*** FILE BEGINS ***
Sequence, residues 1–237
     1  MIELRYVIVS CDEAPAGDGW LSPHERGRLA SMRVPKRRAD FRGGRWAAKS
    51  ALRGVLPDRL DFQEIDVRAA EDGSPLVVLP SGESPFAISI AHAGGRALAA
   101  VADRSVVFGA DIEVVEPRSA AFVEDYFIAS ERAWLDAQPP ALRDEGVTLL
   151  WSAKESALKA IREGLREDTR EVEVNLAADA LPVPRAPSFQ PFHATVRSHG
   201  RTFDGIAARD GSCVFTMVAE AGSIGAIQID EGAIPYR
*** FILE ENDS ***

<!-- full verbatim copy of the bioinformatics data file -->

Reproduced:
Sequence, residues 1–237
     1  MIELRYVIVS CDEAPAGDGW LSPHERGRLA SMRVPKRRAD FRGGRWAAKS
    51  ALRGVLPDRL DFQEIDVRAA EDGSPLVVLP SGESPFAISI AHAGGRALAA
   101  VADRSVVFGA DIEVVEPRSA AFVEDYFIAS ERAWLDAQPP ALRDEGVTLL
   151  WSAKESALKA IREGLREDTR EVEVNLAADA LPVPRAPSFQ PFHATVRSHG
   201  RTFDGIAARD GSCVFTMVAE AGSIGAIQID EGAIPYR